From encouraging better time management skills to reinforcing the mind and body, extra-curricular activities are fantastic for both children and adults. Some hobbies can help us stay fit and healthy, while others are better at making us feel relaxed after a long day. When it comes to music lessons, research has found that children who learn an instrument usually perform better in school. That in itself is often enough to help parents who are on the fence decide whether or not they should encourage their children to learn a musical instrument. However, there are various other reasons, as discussed below by an independent school in Surrey.
Generally speaking, extra-curricular clubs and hobbies often help children become more confident. The ability to perfect and perform a piece of music will provide your child with a sense of accomplishment and pride, even if they’re only performing to you or their music teacher. What’s more, musicians usually receive lots of praise, which will give your child a little self-esteem boost and encourage them to continue improving. Confidence is an important trait that can help young people perform well across all aspects of life, from social interactions to exams.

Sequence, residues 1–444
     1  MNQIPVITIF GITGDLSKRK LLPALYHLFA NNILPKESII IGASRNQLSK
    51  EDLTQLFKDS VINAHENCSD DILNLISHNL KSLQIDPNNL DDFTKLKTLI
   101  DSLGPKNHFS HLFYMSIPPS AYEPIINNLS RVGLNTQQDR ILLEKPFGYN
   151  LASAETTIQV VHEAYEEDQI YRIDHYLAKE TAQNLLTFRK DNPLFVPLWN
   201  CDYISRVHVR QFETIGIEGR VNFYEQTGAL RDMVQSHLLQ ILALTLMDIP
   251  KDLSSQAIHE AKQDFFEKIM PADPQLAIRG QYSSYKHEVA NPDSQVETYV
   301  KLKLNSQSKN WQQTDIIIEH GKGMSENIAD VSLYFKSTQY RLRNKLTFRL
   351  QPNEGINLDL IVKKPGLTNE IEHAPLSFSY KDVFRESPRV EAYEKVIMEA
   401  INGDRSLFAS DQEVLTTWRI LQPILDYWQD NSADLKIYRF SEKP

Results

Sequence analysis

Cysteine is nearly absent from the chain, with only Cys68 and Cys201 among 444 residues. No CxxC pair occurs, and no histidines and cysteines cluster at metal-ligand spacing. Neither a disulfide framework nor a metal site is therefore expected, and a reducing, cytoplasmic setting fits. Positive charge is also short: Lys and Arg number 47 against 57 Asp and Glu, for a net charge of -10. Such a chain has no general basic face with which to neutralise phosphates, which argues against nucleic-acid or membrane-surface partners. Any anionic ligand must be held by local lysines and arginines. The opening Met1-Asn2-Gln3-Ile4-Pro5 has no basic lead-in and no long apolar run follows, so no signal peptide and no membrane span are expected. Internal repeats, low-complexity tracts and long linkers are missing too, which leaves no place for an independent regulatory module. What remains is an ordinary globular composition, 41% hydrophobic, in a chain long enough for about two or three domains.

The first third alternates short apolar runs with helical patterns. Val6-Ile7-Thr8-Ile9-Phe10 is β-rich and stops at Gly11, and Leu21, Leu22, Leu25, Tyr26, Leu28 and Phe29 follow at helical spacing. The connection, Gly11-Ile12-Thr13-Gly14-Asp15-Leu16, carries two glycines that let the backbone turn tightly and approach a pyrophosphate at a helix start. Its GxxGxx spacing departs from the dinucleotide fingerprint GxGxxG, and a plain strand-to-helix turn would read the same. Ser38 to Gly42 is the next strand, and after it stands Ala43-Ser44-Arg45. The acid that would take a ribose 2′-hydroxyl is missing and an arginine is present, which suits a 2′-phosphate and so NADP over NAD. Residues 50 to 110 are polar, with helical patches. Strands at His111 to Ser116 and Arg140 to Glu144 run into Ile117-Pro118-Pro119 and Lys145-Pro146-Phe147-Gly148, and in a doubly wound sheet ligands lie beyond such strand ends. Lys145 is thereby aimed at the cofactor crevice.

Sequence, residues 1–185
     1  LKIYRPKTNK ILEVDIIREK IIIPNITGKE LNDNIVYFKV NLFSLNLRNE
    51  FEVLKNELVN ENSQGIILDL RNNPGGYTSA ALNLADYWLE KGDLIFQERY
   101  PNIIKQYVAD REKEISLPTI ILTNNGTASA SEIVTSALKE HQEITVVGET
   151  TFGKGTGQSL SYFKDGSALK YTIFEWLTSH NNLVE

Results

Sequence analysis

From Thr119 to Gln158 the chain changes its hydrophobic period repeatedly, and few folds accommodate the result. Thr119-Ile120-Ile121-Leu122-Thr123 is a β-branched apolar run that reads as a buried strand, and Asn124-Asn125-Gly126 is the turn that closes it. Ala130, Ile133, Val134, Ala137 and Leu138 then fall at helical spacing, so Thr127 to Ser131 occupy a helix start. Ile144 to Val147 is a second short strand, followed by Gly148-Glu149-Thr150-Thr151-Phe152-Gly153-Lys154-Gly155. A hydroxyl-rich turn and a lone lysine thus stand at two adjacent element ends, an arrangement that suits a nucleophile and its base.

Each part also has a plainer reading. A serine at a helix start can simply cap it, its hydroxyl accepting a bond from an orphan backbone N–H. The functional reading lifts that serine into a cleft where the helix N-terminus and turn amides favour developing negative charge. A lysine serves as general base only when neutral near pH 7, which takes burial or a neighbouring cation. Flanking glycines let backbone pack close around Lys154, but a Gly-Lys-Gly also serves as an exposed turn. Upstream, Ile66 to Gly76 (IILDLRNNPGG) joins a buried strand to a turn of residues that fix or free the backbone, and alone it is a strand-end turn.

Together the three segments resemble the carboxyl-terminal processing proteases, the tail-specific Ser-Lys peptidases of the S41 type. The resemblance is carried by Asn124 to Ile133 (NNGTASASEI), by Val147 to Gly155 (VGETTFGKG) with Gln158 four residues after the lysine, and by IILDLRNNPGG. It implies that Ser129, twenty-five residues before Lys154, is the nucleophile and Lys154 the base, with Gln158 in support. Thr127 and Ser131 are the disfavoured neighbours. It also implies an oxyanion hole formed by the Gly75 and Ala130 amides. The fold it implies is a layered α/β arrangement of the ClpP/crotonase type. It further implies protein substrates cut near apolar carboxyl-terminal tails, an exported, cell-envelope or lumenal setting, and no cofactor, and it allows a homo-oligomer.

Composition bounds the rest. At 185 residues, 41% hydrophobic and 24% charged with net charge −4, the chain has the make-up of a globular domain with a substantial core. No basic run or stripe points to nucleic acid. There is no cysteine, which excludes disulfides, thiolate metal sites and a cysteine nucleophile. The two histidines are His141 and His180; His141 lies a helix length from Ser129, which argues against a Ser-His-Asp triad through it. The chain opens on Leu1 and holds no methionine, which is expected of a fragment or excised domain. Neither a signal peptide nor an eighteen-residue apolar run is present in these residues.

As previously mentioned, extra-curricular activities can help improve time management skills. Your child will have to balance their school life, social life and music lessons and practise. This isn’t easy for a young person and can become quite overwhelming from time to time, but it’s will benefit them in the long run. What’s more, learning an instrument will teach them the importance of determination and patience. Having these types of transferable skills will be great for your child in terms of their education and even a future career.
In fact, speaking of a future career, the ability to play an instrument will make a great addition to your child’s CV and their personal statement if they are hoping to apply to university. The ability to demonstrate various achievements and interests are important to prospective employers who want to find candidates with a strong personality.
With the above advantages in mind, plus the added fact that learning an instrument is a source of enjoyment for people, it definitely wouldn’t be a bad thing to let your child learn an instrument. Don’t force them, though, as this will only lead to resentment and will be a waste of money. Make sure it’s truly something they want to do and let them choose the instrument. It might also be a good idea to look into some alternative options for extra-curricular activities, just to ensure it’s the right path for your child and there isn’t something else that’s more appropriate.